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Veeder: Like a cat on a screen door

There’s an art to ignoring your children, according to Jessie. I think it’s something parents in the '80s and '90s had figured out pretty well. I mean, I’m the product of the “go outside and play until we call you for supper” generation.

Jessie Veeder, Coming Home columnist.
Jessie Veeder, Coming Home columnist.

The leaves are changing out here at the ranch at just the right pace — slowly and overnight. I can see them on the other side of my sliding glass door if I look past the kitten climbing up the screen and the other one pooping in my flowerpot.

And inside, the big cat is sleeping on my bed, the pug is chewing on a ballet slipper and my 4-year-old is putting on a fashion show, complete with green eye shadow, pink lipstick and hairstyle changes.

To top it all off, the 3-year-old is serenading us all on the microphone that some idiot mother purchased them for Christmas because for some reason I thought my children’s constant outside voices are not quite loud enough.

I’ve been working on this column for a total of three hours and this is where we’re at, fourth paragraph. No profound thoughts. No beautiful words of encouragement.

No musings on the state of the world, except maybe this is where so many of us are in these crazy times — kitchen table desks we share with Peach the naked baby doll, the sticky puddle of this morning’s pancake breakfast and coffee you won’t finish but will heat up at least 20 times between wiping butts, answering emails, defusing fights and avoiding the news and the line of sight on your second-grader’s Zoom call.

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Because you’ve got pandemic hair and someone might care.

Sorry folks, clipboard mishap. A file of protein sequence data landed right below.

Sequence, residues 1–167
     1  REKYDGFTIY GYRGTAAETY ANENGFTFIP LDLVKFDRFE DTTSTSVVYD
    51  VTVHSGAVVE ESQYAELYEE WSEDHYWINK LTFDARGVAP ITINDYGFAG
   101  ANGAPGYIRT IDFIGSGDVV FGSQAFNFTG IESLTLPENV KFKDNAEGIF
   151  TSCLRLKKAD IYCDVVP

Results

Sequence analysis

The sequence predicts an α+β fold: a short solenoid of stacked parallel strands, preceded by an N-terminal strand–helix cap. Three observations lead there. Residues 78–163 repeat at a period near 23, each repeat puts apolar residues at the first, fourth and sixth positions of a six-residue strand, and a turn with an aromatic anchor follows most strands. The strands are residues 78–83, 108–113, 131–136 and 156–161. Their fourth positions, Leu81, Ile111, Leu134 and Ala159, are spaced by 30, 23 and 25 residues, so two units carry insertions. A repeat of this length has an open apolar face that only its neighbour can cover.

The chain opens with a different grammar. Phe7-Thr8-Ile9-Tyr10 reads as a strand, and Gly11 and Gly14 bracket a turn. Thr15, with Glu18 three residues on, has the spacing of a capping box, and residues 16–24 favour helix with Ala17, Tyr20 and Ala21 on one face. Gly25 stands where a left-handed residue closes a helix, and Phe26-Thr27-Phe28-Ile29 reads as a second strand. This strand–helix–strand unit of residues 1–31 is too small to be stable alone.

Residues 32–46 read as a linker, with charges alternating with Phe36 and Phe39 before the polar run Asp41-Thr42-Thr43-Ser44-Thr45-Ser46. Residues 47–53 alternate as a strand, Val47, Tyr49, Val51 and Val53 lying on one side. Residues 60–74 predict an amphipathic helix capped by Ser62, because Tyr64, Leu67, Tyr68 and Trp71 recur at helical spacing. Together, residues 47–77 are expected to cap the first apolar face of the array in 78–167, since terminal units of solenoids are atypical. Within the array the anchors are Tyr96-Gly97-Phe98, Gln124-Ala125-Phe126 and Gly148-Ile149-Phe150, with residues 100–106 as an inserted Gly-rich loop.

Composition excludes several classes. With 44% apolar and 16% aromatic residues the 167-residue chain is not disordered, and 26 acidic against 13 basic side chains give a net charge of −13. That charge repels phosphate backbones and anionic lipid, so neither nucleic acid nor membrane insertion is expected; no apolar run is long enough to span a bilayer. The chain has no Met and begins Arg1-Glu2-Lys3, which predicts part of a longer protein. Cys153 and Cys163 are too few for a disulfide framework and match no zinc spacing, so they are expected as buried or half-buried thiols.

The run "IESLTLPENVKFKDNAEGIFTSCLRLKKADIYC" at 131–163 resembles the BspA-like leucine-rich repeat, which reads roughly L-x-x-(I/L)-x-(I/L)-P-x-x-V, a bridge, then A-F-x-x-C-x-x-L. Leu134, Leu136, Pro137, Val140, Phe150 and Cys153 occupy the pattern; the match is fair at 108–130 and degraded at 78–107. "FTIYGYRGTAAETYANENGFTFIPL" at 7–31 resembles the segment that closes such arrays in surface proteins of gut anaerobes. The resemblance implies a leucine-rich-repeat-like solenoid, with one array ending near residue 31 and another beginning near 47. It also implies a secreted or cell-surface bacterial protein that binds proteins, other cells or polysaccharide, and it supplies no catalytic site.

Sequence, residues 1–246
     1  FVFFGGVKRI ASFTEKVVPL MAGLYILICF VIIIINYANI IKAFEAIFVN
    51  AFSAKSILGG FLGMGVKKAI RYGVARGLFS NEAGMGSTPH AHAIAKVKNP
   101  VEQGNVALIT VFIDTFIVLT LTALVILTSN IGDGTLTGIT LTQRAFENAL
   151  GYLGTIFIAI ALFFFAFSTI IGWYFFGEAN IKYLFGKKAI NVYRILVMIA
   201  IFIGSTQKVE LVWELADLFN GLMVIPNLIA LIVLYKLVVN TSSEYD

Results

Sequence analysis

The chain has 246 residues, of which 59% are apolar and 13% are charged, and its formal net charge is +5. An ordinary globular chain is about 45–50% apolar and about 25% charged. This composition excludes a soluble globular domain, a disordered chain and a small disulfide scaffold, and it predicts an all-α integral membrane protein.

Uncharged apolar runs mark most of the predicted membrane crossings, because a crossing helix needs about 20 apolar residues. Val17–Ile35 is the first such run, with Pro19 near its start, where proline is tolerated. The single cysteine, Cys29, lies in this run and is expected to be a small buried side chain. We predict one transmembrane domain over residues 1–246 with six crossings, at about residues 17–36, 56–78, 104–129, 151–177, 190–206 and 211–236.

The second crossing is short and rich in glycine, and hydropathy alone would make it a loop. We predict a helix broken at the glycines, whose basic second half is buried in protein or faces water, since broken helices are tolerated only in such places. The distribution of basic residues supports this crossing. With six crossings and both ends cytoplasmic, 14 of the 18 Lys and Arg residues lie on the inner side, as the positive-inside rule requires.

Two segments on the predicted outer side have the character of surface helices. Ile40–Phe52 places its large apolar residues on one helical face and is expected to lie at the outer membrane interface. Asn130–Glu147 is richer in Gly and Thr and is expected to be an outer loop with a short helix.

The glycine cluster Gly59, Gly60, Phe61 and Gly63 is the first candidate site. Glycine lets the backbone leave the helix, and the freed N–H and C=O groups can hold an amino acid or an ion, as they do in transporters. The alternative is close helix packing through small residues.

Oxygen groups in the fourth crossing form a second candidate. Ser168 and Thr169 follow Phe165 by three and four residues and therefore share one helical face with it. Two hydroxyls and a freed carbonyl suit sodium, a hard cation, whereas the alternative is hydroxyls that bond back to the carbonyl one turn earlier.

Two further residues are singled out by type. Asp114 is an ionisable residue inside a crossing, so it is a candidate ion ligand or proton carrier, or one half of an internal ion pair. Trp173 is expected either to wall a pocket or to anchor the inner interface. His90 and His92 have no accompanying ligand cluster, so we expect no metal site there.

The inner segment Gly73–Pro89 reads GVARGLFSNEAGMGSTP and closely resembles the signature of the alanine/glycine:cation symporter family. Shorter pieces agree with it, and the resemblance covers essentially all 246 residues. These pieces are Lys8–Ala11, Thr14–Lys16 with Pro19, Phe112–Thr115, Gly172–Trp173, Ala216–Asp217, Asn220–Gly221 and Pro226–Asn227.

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Aw, there’s an art to ignoring your children. I think it’s something parents in the '80s and '90s had figured out pretty well. I mean, I’m the product of the “go outside and play until we call you for supper” generation.

And that’s what we did. We rode our bikes, obeyed (most of the time) the rule to stay out of the stock dams and the world was our playground. Because we didn’t have an actual playground. Not that we needed one with all of these trees and creeks, outbuildings and forgotten machinery, cow dogs and barn cats climbing up screen doors.

My girls are too little to send outside on their own, but I’ve reached that parenting milestone where they play together in another room and I know as long as they’re loud they’re fine. And as soon as it’s silent, go check. That's a hack not found in parenting books.

Speaking of, I haven’t heard them for a while... Peace in this house only lasts in five-minute increments.

Anyway, there also isn’t a parenting book on how to raise a kid during a global crisis. Or one on how to stay a stable parent while you fight cancer. Well, maybe there is, but who, in that situation, would have the time or energy to read it?

Just yesterday, I was listening to my 2-year-old playing babies in the living room. She was on the phone with Gramma or another mom, I couldn’t really tell, but whoever it was, she wondered if they were cancer-free.

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And then she wondered how Gramma Ginny was and if her toe was feeling better and if maybe we should go get some ice cream when she gets back from her COVID test.

And lately I’ve been wondering if there was something else I should be doing to ensure that we’re raising resilient, compassionate, smart humans when there are so many distractions, when I’m not 100% healthy and especially when at anytime their little worlds can be turned upside-down, something we learned this year tenfold.

Is it more conversation, a better schedule, more educational material, more structured play and lessons? Are we going to be OK here?

Well, it turns out if we just give them space to play and pretend, and we tune in every once in a while, they’ll let us know. So many of our worries came out of the mouth of little Rosie on a pretend phone call that day. But she was not angry or frantic, but caring. Compassionate. With an ice cream sundae on top.

Parents, mastering the art of ignoring our children is valuable and necessary for so many reasons, but trust me, they’re not ignoring us.

Hang in there, everyone. Hang in there like this dang cat on my screen door.

Jessie Veeder is a musician and writer living with her husband and daughters on a ranch near Watford City, N.D. She blogs at https://veederranch.com. Readers can reach her at jessieveeder@gmail.com.

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